Surveyors warn of workforce ‘Brexodus’

Richard Furlong - City Surveys Group

Home » Surveyors warn of workforce ‘Brexodus’

Published: 29th March 2017

This Article was Written by: Richard Furlong - City Surveys Group


Survey industry leaders have warned that loss of access to the EU single market has the potential to bring the UK’s £500bn infrastructure pipeline to a complete standstill.

Two Lords amendments: one guaranteeing the rights of 3 million EU nationals living in Britain, and the other giving MPs a ‘meaningful vote’ on the outcome of Brexit negotiations were vetoed by large majorities in parliament this month.

The Royal Institute for Chartered Surveyors Survey (RICS) have released a statement warning that such a move could blunt the UK’s competitive edge on a global scale with devastating consequences.

It calculated that EU nationals make up 8% of the UK’s construction workforce (equating to 200,000 workers). This essential workforce segment could be lost if the UK government chooses to ignore demands to retain the rights of EU citizens after exiting the European Union.

Riddled with uncertainty and anger at being treated like ‘bargaining chips’, thousands took to social media to convey their outrage.

RICS stated that by forcing EU workers to return to their country of origin, some of the UK’s biggest infrastructure and construction projects would come under threat – at a cost of billions of pounds to the UK economy.

RICS policy chief, Jeremy Blackburn, said: “It is in all our interests that we make a success of Brexit, but a loss of access to the single market, has the potential to slowly bring the UK’s £500bn infrastructure pipeline to a standstill.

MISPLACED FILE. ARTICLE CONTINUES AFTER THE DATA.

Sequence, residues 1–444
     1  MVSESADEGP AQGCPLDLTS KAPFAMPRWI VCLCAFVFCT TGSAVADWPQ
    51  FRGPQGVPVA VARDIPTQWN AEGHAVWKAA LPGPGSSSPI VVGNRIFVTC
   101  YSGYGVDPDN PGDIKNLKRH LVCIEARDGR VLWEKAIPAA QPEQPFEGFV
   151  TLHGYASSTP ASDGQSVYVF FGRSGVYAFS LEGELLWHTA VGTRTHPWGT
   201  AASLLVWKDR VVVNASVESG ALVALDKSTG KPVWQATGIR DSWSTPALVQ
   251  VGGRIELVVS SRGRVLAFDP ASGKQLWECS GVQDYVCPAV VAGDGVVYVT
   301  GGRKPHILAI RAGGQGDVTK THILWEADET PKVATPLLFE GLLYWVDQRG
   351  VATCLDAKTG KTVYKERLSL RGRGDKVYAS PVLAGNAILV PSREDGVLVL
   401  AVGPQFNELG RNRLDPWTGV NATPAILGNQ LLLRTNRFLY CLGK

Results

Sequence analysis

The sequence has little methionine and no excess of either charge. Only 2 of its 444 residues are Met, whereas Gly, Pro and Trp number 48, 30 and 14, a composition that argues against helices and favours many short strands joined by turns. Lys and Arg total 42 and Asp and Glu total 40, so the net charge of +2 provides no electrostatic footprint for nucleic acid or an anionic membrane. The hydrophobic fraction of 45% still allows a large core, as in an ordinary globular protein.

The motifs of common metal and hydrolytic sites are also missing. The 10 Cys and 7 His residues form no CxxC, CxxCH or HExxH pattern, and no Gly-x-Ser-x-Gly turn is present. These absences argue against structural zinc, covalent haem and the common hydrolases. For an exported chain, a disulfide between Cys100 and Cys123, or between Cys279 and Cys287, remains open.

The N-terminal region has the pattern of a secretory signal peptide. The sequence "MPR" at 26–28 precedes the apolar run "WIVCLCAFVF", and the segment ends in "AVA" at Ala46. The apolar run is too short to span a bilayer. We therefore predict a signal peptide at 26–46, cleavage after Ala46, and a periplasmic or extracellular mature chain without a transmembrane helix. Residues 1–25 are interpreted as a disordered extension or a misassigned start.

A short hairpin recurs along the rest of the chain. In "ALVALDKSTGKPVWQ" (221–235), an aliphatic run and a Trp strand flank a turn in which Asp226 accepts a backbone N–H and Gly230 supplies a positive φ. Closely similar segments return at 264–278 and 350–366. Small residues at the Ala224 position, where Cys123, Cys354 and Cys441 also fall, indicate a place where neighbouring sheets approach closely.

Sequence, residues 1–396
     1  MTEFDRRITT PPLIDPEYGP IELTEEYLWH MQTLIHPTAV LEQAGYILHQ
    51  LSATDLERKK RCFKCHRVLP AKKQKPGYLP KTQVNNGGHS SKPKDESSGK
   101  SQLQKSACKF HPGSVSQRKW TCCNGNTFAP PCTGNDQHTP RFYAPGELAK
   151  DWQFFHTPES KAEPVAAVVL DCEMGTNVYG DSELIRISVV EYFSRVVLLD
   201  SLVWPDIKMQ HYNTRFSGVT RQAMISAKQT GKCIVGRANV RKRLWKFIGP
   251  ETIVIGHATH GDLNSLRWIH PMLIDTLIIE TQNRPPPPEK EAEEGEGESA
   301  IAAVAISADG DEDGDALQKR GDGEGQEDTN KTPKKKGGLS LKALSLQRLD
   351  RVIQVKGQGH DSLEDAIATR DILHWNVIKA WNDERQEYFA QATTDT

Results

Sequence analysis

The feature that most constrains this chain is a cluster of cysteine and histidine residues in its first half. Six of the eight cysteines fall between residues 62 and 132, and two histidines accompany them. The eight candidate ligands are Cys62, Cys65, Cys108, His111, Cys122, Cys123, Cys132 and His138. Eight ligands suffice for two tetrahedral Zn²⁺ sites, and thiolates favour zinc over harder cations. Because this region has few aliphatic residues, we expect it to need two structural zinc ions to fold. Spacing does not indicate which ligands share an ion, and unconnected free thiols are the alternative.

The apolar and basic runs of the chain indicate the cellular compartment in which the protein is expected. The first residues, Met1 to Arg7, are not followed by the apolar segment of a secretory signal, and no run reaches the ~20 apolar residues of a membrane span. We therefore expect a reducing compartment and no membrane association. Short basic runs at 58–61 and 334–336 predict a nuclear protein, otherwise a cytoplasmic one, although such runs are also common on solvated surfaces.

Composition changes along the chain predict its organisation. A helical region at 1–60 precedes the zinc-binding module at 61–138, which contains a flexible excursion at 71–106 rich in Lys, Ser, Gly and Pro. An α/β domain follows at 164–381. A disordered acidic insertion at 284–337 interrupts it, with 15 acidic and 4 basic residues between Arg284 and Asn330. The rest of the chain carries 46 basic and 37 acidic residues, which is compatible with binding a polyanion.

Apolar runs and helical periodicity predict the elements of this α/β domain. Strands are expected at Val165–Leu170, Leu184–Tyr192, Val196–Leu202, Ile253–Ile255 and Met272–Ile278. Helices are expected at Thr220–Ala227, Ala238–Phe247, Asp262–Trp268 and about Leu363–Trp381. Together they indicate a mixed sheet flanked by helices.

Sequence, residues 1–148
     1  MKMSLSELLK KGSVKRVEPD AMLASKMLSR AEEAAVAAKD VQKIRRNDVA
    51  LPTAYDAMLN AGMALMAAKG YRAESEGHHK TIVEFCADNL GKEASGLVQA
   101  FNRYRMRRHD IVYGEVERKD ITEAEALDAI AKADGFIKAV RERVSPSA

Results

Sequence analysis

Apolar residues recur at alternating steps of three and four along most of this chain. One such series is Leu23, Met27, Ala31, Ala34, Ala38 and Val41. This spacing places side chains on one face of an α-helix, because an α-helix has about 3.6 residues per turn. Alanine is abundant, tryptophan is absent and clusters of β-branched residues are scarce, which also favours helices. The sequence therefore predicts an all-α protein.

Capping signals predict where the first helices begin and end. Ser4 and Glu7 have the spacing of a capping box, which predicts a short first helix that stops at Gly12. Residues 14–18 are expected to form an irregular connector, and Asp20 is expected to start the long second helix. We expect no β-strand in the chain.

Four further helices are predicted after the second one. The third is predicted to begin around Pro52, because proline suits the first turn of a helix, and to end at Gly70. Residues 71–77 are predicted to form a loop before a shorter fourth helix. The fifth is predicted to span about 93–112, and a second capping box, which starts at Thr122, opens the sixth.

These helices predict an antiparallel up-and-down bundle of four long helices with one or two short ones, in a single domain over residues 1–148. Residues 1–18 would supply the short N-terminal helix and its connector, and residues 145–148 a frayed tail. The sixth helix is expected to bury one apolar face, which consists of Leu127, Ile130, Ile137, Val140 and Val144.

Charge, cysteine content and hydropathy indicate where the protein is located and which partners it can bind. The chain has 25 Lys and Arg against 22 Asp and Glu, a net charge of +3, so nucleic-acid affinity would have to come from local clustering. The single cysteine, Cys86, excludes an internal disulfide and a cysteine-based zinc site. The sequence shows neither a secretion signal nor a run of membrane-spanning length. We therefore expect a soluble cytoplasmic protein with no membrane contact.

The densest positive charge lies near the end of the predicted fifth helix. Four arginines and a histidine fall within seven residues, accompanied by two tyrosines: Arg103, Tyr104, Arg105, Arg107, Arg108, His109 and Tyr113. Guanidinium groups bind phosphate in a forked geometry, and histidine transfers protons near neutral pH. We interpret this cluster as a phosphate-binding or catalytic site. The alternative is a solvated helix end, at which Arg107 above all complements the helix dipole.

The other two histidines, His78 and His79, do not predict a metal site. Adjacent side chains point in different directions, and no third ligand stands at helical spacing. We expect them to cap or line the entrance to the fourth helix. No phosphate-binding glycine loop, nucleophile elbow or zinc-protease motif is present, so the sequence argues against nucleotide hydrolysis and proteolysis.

“A simple first step would be to ensure that construction professions, such as quantity surveyors, feature on the UK shortage occupations list.”

Many professions currently feature on the shortlist, which includes ballet dancers and musicians but not surveyors. These roles, regarded as critical occupations by the UK government, receive special dispensation in the Visa application process. However, with a shortage of surveyors in the UK, those that have made the list have come under the scrutiny of RICS.

Blackburn went on to say: “Ballet dancers won’t improve our infrastructure or solve the housing crisis, yet their skills are currently viewed as essential, whereas construction professionals are not.”

In the most recent RICS survey, 30% of construction professionals stated that hiring non-UK workers was important to the success of their businesses.

For the UK to remain competitive on the world stage, RICS wants more to be done to maintain access to the EU single market, alongside efforts to increase the number of skilled UK workers.

When questioned about the effectiveness of current plans to address the UK’s long-term skills shortages, up to 20% of respondents said that proposed apprenticeship schemes were not effective at all.

Earlier this month, RICS set out a list of desired outcomes for Brexit negotiations. It cites five areas in need of strategic prioritisation. These include:

  • ‘passporting’ for skilled workers, such as surveyors
  • attracting private investment for infrastructure projects
  • better development of ‘home-grown’ talent

Alongside these, demands for improved time-scales for the exit process and the liberation of British agriculture with a departure from the Common Agriculture Policy were also outlined. Read more here.

RICS state that losing access to the EU Single Market will jeopardise the economic health of the country and risk billions of pounds worth of infrastructure projects. It forecasts that companies most affected will be those working on large scale projects and those based in the south-east.

With the UK construction industry already ‘in the grip of a skills crisis’, RICS is urging the government to move swiftly to implement some form transitional arrangement and avoid a potential ‘cliff edge’ for the UK market, safeguarding the future of the construction sector as Brexit negotiations get underway.

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